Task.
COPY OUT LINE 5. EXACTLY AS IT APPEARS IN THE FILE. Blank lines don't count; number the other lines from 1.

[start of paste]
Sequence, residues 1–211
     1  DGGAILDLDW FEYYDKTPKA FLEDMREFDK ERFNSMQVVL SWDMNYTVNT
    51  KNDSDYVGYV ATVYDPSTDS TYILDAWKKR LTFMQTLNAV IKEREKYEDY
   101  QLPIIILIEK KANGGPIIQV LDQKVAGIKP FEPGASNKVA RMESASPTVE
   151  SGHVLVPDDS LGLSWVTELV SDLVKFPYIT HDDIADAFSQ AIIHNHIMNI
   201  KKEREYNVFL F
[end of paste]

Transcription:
   151  SGHVLVPDDS LGLSWVTELV SDLVKFPYIT HDDIADAFSQ AIIHNHIMNI